LEGO Star Wars: The Skywalker Saga

April 22, 2022


  • Enjoyably rapid romp through Star Wars universe
  • Fun gameplay with hilarious writing
  • Updated yet familiar combat
  • Great visuals, music and performances


  • Occasional bugs, visual glitches
  • Some great stuff hidden behind menus



Clearly made by and for fans of the series, The Skywalker Saga freshens up the LEGO formula just enough to provide an outstandingly enjoyable tour through the Star Wars stories, punctuated by some wonderful humour, familiar gameplay and an energetic pace.

Like so many of you reading this, it won’t surprise you to learn that I am a huge fan of both LEGO and Star Wars. Star Wars has held a special place in my heart ever since my dad introduced me to the epic space opera as a young child – probably in the late eighties or very early nineties. My dad’s not a huge sci-fi guy – but he liked Star Wars. Little did we know then how much A New Hope would ignite my love for the genre but also how the series would give us something to continue to enjoy together decades later. I have also come to admire the LEGO games; Not only because of their fun simplicity but also because they so often manage to translate some of my favourite movies into similar-feeling video game experiences while simultaneously also adding humour and making everyone feel kike they’re in on the joke. It’s a hard line to tread and TT Games have usually walked it pretty expertly. However, I’ve got to admit that some of the more recent titles have perhaps fallen into a bit of a rut in terms of gameplay. And as someone who often plays the LEGO games on Nintendo consoles, you couldn’t help but feel that you were missing out when comparing versions of the same game on other consoles.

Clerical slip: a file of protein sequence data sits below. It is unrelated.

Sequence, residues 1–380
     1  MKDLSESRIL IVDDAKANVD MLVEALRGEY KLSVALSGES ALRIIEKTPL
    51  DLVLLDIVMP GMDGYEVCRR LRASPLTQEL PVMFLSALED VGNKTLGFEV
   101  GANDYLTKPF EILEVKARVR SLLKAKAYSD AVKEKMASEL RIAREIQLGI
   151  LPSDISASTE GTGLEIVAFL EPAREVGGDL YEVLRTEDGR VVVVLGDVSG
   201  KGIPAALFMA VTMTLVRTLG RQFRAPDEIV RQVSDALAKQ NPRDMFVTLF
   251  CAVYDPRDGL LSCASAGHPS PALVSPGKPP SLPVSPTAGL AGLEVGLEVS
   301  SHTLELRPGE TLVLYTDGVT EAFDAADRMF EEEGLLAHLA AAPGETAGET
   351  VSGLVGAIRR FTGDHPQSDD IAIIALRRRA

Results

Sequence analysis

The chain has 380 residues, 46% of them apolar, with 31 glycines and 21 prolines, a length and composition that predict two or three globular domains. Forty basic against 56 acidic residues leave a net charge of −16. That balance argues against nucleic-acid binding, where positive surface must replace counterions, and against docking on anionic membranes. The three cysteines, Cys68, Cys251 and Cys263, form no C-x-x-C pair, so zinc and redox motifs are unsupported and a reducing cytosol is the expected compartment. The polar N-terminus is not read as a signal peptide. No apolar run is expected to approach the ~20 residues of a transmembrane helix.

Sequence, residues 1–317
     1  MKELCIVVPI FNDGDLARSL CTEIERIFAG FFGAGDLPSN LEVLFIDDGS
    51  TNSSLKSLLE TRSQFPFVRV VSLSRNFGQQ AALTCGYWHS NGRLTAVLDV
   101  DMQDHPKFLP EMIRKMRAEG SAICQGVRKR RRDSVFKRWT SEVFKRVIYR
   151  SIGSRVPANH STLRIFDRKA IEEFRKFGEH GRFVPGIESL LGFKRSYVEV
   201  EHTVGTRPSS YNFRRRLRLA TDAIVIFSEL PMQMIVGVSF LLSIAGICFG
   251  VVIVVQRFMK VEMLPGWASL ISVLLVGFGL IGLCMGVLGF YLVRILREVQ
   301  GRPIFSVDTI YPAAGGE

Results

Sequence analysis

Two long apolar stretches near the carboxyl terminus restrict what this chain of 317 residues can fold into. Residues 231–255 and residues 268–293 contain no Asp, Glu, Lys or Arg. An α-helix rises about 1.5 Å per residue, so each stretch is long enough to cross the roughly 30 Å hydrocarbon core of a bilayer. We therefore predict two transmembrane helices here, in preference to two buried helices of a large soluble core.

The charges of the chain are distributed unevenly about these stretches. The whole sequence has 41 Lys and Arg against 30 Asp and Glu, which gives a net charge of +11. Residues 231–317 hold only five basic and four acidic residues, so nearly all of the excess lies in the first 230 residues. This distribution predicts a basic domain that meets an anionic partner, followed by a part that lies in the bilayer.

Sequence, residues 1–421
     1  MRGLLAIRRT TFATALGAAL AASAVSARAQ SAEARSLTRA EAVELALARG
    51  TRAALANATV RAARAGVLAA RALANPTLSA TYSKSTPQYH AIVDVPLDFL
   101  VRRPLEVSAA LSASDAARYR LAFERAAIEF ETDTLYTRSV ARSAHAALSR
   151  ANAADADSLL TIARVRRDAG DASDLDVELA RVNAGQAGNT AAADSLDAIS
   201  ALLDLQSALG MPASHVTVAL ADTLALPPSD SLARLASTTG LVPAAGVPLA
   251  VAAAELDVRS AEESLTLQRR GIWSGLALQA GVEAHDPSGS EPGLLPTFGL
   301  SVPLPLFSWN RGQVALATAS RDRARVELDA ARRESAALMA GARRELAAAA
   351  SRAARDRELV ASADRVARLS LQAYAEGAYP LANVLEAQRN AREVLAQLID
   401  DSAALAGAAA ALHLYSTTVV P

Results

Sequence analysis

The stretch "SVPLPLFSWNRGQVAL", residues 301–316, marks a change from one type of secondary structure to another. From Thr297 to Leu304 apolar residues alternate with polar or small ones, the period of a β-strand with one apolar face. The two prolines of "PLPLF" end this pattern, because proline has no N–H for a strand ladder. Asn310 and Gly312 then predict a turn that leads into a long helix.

So, when LEGO Star Wars: The Skywalker Saga was announced back in 2019 I was overwhelmingly excited to explore all nine episodes in a single game but also a bit concerned about how that would translate into a more modern LEGO game, particularly on a Nintendo console. However, I am very happy to report that other than a few (very intermittent) bugs and a menu system that is somewhat necessarily quite hefty and therefore a little difficult to manage, The Skywalker Saga is otherwise fantastic! It revitalises all the features that make LEGO games great like clever humour, multiple playable characters and that familiar stud-collecting-break-everything gameplay and combines them with all we love about Star Wars, including force-wielding lightsabre duels, spaceship dogfights and made-to-be-toys cute-as-heck droids and alien creatures. It’s also an accelerated package that doesn’t linger on any of the nine episodes too long while still keeping the spirit and basic storyline of the whole saga intact. And thankfully even on the Switch it looks, sounds and plays better than any LEGO game has. And in case, it’s not yet clear, loved my time with it, I did.

…loved my time with it, I did.

A long time ago… or even just recently.